Table 2. Mechanism change in different cases.

Mechanism change Case1 Case2 Case3 Case4 Case5 Case6
Sprays Off Off Off Off Off On
Recirculation fans Off Off Off Off On On
Ice bed Not found Not found Not found found found found
Hole size (diameter) 10cm 10cm 5cm 5cm 5cm 5cm
Containment pressure 103kpa 34Kpa 34Kpa 34Kpa 34Kpa 34Kpa

Figure 3. TEDE at different distances away from release point.

Figure 4. Release pathway in case1 and case6.

Figure 5. Rascal source term for I-131 radionuclide versus time.

Figure 6. Rascal source term for Cs-137 radionuclide versus time.

3. Conclusions

Sprays can be very effective in reducing airborne fission production concentrations, where it is condense the steam inside the containment. If containment sprays are operating, they rapidly will reduce the concentrations of all radionuclides except for noble gases. If the sprays are not operating, the natural processes such as gravitational settling and plate-out on containment surfaces by turbulent impaction gradually will reduce airborne concentrations of particulates and reactive gases. Leak rate based on containment Pressure and hole size. The containment spray system provides cooling sprays of borated water from the upper regions of the containment in order to reduce containment pressure and temperature to value less than the design limit during a LOCA.

Release of radioactivity to the environment in the event of an accident in a reactor can be limited if the containment maintain structural integrity and the isolation system functions properly. Particularly as a result of a Loss of Coolant Accident (LOCA), the engineering safety feature (ESF) system functions to localize, control, mitigate and terminate such accident and hold exposure levels below the limits. Commonly shared principles for all types of NPPs and for all countries: "to prevent with high confidence accidents in nuclear plants; to ensure that, for all accidents taken into account in the design of the plant, even those of very low probability, radiological consequences, if any, would be minor; and to ensure that the likelihood of severe accidents with serious radiological consequences is the likelihood of severe accidents with serious radiological consequences is extremely small [9]. The preventive measures improving in order to further reduce the probability of core melt, and simultaneously incorporating, right from the design stage, measures for limiting the consequences of a severe accident. IAEA target values for core damage frequency (CDF) target values for core damage frequency (CDF)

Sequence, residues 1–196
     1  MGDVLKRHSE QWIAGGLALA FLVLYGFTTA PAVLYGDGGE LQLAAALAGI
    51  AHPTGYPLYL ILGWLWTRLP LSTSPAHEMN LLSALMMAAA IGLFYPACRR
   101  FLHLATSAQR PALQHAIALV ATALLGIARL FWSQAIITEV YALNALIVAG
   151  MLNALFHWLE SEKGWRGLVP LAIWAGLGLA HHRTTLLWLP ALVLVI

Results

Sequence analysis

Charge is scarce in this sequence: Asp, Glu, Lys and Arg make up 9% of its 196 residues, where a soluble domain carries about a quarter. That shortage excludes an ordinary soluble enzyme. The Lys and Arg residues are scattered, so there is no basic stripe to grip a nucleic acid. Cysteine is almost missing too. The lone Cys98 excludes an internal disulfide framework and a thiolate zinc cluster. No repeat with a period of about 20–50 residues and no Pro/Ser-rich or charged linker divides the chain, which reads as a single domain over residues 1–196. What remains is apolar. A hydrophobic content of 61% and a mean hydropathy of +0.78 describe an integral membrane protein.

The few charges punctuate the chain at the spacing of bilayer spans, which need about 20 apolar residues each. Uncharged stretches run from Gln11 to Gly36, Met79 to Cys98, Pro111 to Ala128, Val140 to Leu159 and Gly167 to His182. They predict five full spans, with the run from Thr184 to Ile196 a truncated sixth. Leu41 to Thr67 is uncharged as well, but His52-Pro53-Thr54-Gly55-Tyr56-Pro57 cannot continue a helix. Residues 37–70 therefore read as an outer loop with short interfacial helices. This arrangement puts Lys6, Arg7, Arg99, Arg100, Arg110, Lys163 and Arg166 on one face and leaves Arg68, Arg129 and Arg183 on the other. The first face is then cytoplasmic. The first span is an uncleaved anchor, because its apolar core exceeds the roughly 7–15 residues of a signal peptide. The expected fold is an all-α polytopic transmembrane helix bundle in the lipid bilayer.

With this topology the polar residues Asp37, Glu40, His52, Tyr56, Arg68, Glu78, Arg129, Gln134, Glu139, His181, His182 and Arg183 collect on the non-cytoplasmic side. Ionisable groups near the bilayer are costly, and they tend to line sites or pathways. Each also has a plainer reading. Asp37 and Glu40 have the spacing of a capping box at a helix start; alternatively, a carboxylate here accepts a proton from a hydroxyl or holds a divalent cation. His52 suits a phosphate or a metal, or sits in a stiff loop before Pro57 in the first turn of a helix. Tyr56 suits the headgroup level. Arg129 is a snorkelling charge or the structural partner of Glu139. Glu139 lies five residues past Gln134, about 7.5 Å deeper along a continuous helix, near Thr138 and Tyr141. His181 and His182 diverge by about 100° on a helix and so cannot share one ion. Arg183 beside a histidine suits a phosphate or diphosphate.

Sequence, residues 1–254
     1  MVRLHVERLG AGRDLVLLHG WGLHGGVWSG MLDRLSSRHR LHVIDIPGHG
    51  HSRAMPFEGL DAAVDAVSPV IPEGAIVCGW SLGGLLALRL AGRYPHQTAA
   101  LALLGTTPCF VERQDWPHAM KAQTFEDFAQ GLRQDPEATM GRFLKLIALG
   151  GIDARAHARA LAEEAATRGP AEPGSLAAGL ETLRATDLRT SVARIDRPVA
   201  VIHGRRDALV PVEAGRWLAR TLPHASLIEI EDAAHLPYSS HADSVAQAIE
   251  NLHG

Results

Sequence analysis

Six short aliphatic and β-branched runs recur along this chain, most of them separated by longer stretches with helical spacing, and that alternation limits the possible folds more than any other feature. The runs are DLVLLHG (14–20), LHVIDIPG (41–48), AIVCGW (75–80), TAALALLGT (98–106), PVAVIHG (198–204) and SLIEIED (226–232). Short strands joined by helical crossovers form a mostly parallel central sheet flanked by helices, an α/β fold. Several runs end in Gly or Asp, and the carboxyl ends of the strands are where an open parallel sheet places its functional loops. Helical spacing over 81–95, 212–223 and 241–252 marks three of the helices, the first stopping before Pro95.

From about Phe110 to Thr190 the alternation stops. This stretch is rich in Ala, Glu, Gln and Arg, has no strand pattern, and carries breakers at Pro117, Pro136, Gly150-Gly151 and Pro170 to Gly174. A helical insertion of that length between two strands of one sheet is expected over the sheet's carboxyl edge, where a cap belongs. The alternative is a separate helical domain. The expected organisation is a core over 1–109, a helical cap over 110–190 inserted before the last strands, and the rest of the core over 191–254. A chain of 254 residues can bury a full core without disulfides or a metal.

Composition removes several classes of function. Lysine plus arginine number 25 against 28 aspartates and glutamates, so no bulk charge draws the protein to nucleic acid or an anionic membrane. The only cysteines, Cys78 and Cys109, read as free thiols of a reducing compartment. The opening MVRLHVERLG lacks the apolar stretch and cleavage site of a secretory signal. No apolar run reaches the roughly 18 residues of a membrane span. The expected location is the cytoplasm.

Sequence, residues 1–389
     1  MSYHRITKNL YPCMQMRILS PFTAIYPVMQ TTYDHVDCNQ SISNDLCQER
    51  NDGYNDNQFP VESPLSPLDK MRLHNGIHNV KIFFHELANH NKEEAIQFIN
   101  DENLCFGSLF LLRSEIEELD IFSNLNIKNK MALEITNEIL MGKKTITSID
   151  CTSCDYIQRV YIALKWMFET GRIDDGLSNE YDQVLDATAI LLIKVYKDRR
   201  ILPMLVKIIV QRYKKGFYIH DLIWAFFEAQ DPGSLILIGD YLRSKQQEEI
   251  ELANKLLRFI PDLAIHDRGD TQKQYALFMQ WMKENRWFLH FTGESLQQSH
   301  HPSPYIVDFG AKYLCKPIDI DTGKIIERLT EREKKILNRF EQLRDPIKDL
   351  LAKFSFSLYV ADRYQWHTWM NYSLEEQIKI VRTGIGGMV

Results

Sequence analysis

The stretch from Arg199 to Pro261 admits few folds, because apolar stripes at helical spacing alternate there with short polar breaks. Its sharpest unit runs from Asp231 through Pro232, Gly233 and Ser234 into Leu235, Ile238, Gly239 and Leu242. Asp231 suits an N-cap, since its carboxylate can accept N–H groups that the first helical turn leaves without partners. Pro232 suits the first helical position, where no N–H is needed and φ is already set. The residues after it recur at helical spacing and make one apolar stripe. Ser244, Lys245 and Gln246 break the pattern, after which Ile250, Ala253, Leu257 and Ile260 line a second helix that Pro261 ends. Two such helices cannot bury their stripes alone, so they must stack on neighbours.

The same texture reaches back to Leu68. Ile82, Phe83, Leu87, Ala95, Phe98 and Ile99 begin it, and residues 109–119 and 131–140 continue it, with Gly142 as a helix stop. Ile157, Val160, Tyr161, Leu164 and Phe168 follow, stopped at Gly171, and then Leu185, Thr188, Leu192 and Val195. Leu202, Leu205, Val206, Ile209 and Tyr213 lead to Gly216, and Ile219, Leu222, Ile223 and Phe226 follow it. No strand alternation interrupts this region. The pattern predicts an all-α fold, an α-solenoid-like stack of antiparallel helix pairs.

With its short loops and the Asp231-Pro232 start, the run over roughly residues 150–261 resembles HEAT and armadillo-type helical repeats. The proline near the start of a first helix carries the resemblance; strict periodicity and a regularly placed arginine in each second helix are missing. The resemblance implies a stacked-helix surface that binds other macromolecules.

• For existing plants: 10-4 per reactor-year

• For future plants: 10-5 per reactor-year

The general approach adopted by NEA member countries relies on all relevant aspects of the implementation of defense-in-depth (DiD) in the form of a series of design and procedure provisions to prevent and mitigate incidents and accidents that could lead to a large and early radioactive release. This concept is supported by emphasis on the inherent safety characteristics of the reactor, and insights from deterministic and probabilistic safety analyses to evaluate and optimize the overall plant design. During its October 2012 meeting, the NEA Steering Committee held a policy debate on nuclear safety defense-in depth. Participants in the debate recognized that the concept of defense-in-depth is valid, but that issues have been raised post-Fukushima regarding its implementation that need to be further reviewed and improved. They stressed that responsibility for safety lies with the operator, but that the regulator has an important role to play in ensuring that the barriers in place to protect the public and the environment remain effective [10].


  1. IAEA-TECDOC-1594"Analysis of Severe Accidents in Pressurized Heavy Water Reactors"June 2008.
  2. NRC Commission’s staff requirements memorandum (SRM) for SECY-11-0137, "Prioritization of Recommended Actions to Be Taken in Response to Fukushima Lessons Learned," dated December 15, 2011.
  3. A. K. Ghosh, V. V. Raj, and A. Kakodkara "A Scheme for Passive! Solation of the Containment of a Reactor"By NUCLEAR SAFETY, Vol. 34, No. 1, January-March 1993
  4. U.S. Nuclear Regulatory Commission"RASCAL 4: Description of Models and Methods" December 2012
  5. IAEA Safety Standards "Preparedness and Response for a Nuclear or Radiological Emergency" General Safety Requirements No. GSR Part 7, VIENNA, 2015
  6. USNRC Technical Training Center "Pressurized Water Reactor Systems" Reactor Concepts Manual, 2004
  7. U.S. Nuclear Regulatory Commission"Modeling potential reactor accident consequences" NUREG/BR-0359 January 2012.
  9. International Nuclear Safety Advisory Group (INSAG)INSAG-12 "Basic Safety Principles for Nuclear Power Plants 75-INSAG-3 Rev. 1" IAEA October 1999.
  10. Nuclear Energy Authority (NEA) "THE FUKUSHIMA DAIICHI NUCLEAR POWER PLANT ACCIDENT", NEA No. 7161, © OECD 2013.

Article Tools
Follow on us
Science Publishing Group
NEW YORK, NY 10018
Tel: (001)347-688-8931